The value of U.S.-NAFTA freight totaled $92.7 billion in May 2015 as all modes carried less U.S.-NAFTA freight than in May 2014, according to the TransBorder Freight Data released today by the U.S. Department of Transportation’s Bureau of Transportation Statistics (BTS).
Year-over-year, the value of U.S.-NAFTA freight flows by all modes decreased by 10.8 percent. Large decreases in the value of NAFTA trade by pipeline and vessel in May were because of the reduced unit price of mineral fuel shipments. A recession in Canada likely contributed to the double digit decrease of U.S.-NAFTA freight flows.
In May 2015 compared to May 2014, the value of commodities moving by rail decreased by 7.4 percent, truck by 5.9 percent and air by 2.4 percent. Vessel freight values decreased by 22.4 percent and pipeline freight decreased by 45.4 percent mainly due to the lower unit price of mineral fuel shipments.
Trucks carried 63.2 percent of U.S.-NAFTA freight and are the most heavily utilized mode for moving goods to and from both U.S.-NAFTA partners. Trucks accounted for $28.8 billion of the $48.3 billion of imports (59.7 percent) and $29.7 billion of the $44.4 billion of exports (67.0 percent).
Rail remained the second largest mode by value, moving 15.8 percent of all U.S.-NAFTA freight, followed by vessel, 7.6 percent; pipeline, 4.8 percent; and air, 3.7 percent. The surface transportation modes of truck, rail and pipeline carried 83.8 percent of the total U.S.-NAFTA freight flows.
The value of U.S.-Canada freight totaled $48.9 billion in May 2015, down 15.2 percent from May 2014, as all modes of transportation carried a lower value of U.S.-Canada freight than a year earlier. The Bank of Canada reported this month that Canada is in a recession after two consecutive quarters of negative growth in real Gross Domestic Product. Lower mineral fuel prices contributed to a year-over-year decrease in the value of rail freight, down 12.9 percent.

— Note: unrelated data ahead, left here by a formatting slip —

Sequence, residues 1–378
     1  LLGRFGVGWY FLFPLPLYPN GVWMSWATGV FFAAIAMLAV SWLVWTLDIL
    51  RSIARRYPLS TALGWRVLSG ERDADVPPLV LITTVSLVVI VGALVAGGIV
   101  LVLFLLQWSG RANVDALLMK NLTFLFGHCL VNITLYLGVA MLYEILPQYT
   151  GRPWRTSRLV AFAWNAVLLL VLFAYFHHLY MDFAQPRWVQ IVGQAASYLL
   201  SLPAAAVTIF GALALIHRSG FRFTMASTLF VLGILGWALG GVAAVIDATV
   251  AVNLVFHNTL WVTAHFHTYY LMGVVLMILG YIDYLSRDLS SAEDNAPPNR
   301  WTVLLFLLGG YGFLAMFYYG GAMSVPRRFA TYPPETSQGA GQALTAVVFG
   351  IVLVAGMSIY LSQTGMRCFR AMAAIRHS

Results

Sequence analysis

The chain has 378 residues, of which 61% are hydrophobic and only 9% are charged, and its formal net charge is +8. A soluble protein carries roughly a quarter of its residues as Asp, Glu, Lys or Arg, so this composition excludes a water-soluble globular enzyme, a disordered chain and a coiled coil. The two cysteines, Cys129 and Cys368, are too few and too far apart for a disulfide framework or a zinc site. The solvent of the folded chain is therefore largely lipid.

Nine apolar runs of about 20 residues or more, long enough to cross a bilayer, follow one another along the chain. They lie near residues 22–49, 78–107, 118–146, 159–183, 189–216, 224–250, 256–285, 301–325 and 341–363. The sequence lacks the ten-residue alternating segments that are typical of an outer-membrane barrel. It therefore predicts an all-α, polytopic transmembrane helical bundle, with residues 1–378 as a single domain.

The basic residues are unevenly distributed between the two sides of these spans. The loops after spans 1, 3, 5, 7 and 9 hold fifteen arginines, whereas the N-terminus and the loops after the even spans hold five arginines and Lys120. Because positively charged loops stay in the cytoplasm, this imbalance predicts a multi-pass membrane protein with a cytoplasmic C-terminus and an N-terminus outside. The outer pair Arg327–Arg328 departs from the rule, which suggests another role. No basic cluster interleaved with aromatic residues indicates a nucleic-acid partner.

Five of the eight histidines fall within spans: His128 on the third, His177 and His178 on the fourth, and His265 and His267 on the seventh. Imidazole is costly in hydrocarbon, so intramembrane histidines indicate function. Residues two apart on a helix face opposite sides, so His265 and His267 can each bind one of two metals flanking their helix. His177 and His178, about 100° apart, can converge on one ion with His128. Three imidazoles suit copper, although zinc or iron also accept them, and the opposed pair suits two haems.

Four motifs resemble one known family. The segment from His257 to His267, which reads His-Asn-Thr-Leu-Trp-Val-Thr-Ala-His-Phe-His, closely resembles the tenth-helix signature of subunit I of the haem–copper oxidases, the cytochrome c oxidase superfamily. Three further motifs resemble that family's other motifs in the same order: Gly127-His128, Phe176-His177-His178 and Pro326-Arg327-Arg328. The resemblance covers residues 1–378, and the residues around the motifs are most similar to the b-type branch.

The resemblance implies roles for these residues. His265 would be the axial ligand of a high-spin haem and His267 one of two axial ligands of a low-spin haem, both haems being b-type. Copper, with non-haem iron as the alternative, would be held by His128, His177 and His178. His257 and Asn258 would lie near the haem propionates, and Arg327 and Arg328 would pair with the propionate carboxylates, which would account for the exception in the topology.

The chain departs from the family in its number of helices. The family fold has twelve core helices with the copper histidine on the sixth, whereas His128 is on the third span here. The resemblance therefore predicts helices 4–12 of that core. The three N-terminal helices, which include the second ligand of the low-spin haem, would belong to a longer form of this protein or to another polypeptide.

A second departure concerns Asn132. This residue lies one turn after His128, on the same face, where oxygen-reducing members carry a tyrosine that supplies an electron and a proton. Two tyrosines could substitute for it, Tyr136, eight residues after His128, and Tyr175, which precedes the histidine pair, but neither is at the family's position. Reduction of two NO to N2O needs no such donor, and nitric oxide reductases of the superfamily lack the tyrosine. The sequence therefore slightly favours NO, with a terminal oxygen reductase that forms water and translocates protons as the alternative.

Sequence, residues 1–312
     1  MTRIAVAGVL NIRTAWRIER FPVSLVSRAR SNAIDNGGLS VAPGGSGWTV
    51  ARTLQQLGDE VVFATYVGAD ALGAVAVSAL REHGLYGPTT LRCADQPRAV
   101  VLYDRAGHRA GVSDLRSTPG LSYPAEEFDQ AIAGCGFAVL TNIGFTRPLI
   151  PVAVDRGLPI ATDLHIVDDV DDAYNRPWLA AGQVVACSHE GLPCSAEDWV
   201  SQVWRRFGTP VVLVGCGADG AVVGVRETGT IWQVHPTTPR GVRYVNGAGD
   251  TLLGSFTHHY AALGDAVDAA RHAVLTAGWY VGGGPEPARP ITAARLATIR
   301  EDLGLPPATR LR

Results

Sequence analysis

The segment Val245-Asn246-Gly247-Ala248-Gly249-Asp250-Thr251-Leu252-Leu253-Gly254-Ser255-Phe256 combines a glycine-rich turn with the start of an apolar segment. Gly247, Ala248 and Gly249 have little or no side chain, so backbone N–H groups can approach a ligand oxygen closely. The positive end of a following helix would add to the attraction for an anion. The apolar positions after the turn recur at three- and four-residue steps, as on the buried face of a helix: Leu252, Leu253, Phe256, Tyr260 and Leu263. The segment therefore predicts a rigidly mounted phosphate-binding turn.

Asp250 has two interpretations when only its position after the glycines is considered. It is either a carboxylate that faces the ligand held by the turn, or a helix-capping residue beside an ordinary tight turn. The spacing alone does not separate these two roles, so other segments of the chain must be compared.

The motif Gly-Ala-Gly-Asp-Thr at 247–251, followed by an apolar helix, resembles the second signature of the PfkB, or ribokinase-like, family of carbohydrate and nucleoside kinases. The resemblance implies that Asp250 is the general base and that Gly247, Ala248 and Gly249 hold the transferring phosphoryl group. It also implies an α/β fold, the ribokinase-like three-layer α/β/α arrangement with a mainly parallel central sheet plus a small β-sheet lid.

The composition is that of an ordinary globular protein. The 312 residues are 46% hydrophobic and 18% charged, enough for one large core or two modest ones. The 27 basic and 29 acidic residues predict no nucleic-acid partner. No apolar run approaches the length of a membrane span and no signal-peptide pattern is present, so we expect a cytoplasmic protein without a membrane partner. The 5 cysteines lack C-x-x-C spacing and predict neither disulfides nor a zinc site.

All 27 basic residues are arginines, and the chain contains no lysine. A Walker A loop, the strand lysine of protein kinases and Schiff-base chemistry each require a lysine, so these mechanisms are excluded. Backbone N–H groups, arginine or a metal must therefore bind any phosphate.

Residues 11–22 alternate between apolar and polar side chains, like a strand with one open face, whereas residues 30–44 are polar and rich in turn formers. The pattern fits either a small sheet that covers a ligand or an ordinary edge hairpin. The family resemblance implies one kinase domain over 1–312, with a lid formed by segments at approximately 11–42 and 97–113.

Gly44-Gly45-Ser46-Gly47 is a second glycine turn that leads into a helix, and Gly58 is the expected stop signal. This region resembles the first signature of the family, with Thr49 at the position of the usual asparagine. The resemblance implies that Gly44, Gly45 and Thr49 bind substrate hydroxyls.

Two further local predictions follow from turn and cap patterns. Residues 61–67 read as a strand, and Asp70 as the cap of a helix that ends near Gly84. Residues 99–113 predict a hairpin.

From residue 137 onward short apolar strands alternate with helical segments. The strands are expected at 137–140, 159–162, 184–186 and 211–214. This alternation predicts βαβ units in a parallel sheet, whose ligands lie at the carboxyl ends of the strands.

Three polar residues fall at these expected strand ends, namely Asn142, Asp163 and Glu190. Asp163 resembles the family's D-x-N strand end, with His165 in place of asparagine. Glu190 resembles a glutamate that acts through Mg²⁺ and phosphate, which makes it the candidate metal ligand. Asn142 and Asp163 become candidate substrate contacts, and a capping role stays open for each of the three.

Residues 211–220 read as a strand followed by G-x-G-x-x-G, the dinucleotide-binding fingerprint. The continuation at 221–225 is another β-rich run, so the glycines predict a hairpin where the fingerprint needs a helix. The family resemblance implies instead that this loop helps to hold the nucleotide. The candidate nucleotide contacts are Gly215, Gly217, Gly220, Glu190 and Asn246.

Mineral fuels are a large share of freight carried by vessel, which was down 9.4 percent year-over-year, and pipeline, down 46.5 percent. The tonnage of mineral fuels imported by vessel increased 15.8 percent, somewhat offsetting the large price decline of the commodity.
Trucks carried 57.3 percent of the $48.9 billion of freight to and from Canada, followed by rail, 16.9 percent; pipeline, 8.5 percent; vessel, 6.0 percent; and air, 4.4 percent. The surface transportation modes of truck, rail and pipeline carried 82.7 percent of the total U.S.-Canada freight flows.
The value of U.S.-Mexico freight totaled $43.8 billion in May 2015, down 5.3 percent from May 2014, as two out of five transportation modes – air and rail – carried more U.S.-Mexico freight than in May 2014.
Year-over-year, the value of U.S.-Mexico air freight rose 2.7 percent, the largest percentage increase of any mode. Freight carried by rail increased by 0.8 percent. Truck freight decreased by 1.9 percent. Pipeline freight decreased by 25.2 percent and vessel freight decreased by 29.7 percent, mainly due to lower mineral fuel prices.
Trucks carried 69.8 percent of the $43.8 billion of freight to and from Mexico, followed by rail, 14.7 percent; vessel, 9.4 percent; air, 3.0 percent; and pipeline, 0.7 percent. The surface transportation modes of truck, rail and pipeline carried 85.2 percent of the total U.S.-Mexico freight flows.
In May 2015, the top commodity category transported between the U.S. and Canada was vehicles and parts, of which $5.0 billion, or 55.3 percent, moved by truck and $3.8 billion, or 42.1 percent, moved by rail. Vehicles and parts replaced mineral fuels as the top commodity in March 2015 and continues to be the top commodity for a third straight month.
Mineral fuels had been the top commodity by value moved between the U.S. and Canada for 28 consecutive months (November 2012 - February 2015). This change is due, in large part, to a decline in the unit price of mineral fuels in recent months. The top commodity category transported between the U.S. and Mexico in May 2015 was electrical machinery, of which $7.5 billion, or 92.0 percent, moved by truck and $0.4 billion, or 4.8 percent, moved by air.
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